Chronic myelogenous leukemia (CML) is cancer that starts inside bone marrow. This is the soft tissue in the center of bones that helps form all blood cells.
CML causes an uncontrolled growth of immature and mature cells that make a certain type of white blood cell called myeloid cells. The diseased cells build up in the bone marrow and blood.
Cause of CML is related to an abnormal chromosome called the Philadelphia chromosome.
Radiation exposure can increase the risk of developing CML. Radiation exposure can be from radiation treatments used in the past to treat thyroid cancer or Hodgkin lymphoma or from a nuclear disaster.
It takes many years to develop leukemia from radiation exposure. Most people treated for cancer with radiation do not develop leukemia. And most people with CML have not been exposed to radiation.
CML most often occurs in middle-age adults and in children.
Chronic myelogenous leukemia is grouped into phases:
- Blast crisis
The chronic phase can last for months or years. The disease may have few or no symptoms during this time. Most people are diagnosed during this stage, when they have blood tests done for other reasons.
Untreated CML leads to the blast crisis phase. Bleeding and infection may occur due to bone marrow failure.
Other possible symptoms of a blast crisis include:
Exams and Tests
A physical examination often reveals a swollen spleen. A complete blood count (CBC) shows an increased number of white blood cells with many immature forms present and an increased number of platelets. These are parts of the blood that help blood clot.
Other tests that may be done include:
Medicines that target the abnormal protein made by the Philadelphia chromosome are often the first treatment for CML. These medicines can be taken as pills. People treated with these drugs often go into remission quickly and can stay in remission for many years.
Sometimes, chemotherapy is used first to reduce the white blood cell count if it is very high at diagnosis.
The blast crisis phase is very difficult to treat. This is because there is a very high count of immature white blood cells (leukemia cells) that are resistant to treatment.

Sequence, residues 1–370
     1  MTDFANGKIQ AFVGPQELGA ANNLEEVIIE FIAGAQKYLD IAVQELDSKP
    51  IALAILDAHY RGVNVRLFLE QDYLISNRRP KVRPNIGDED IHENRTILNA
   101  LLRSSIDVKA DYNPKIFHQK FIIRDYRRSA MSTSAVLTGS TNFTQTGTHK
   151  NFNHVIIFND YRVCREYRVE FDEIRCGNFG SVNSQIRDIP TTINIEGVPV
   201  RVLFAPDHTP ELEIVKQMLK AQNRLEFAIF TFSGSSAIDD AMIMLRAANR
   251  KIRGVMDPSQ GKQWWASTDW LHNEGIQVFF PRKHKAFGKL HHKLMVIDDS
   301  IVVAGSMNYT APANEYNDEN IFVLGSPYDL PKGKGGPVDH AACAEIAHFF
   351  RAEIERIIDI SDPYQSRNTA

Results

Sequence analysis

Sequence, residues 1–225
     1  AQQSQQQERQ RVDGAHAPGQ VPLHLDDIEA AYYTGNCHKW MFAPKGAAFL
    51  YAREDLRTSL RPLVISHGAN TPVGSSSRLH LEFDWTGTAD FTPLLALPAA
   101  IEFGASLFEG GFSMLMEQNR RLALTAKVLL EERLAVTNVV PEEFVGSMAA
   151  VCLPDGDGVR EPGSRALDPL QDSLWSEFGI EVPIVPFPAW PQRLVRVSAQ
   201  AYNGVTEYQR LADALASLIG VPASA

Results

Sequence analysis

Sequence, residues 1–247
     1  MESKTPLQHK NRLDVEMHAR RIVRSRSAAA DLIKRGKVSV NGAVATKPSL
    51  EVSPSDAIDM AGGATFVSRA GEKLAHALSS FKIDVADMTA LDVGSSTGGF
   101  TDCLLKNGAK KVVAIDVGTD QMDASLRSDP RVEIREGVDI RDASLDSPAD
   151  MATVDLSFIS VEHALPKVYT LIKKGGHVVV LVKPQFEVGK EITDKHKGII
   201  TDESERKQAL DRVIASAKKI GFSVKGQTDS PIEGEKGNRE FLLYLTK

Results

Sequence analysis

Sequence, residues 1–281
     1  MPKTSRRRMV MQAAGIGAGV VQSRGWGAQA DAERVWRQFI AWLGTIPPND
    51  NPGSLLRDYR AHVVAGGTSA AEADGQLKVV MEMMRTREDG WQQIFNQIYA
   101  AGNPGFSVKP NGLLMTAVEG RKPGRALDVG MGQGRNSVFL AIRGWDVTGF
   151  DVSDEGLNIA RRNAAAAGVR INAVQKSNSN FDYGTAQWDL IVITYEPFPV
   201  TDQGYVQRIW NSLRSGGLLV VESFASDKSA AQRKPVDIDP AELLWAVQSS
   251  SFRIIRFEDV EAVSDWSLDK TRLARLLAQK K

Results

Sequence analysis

The only known cure for CML is a bone marrow transplant, or stem cell transplant. Most people, though, do not need a transplant because the targeted medicines are successful. Discuss your options with your oncologist.
You can ease the stress of illness by joining a cancer support group. Sharing with others who have common experiences and problems can help you not feel alone.
Targeted medicines have greatly improved the outlook for people with CML. Most people can remain in remission, assessed typically by blood tests, for many years while on this medicine.
Stem cell or bone marrow transplant is often considered in people whose disease comes back or gets worse while taking the initial medicines. Transplant may also be recommended for people who are diagnosed in accelerated phase or blast crisis.
Blast crisis can lead to complications, including infection, bleeding, fatigue, unexplained fever, and kidney problems. Chemotherapy can have serious side effects, depending on the drugs used.
Avoid exposure to radiation when possible.
CML; Chronic myeloid leukemia; CGL; Chronic granulocytic leukemia; Leukemia - chronic granulocytic
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National Cancer Institute website. Chronic myelogenous leukemia treatment (PDQ) health professional version. www.cancer.gov/types/leukemia/hp/cml-treatment-pdq. Updated January 21, 2022. Accessed June 7, 2022.
National Comprehensive Cancer Network website. NCCN clinical practice guidelines in oncology: (NCCN guidelines).Chronic myeloid leukemia. Version 1.2023. www.nccn.org/professionals/physician_gls/pdf/cml.pdf. Updated August 5, 2022. Accessed August 10. 2022.
Radich J. Chronic myeloid leukemia. In: Goldman L, Schafer AI, eds. Goldman-Cecil Medicine. 26th ed. Philadelphia, PA: Elsevier; 2020:chap 175.
Review Date 1/25/2022
Updated by: Todd Gersten, MD, Hematology/Oncology, Florida Cancer Specialists & Research Institute, Wellington, FL. Review provided by VeriMed Healthcare Network. Also reviewed by David Zieve, MD, MHA, Medical Director, Brenda Conaway, Editorial Director, and the A.D.A.M. Editorial team.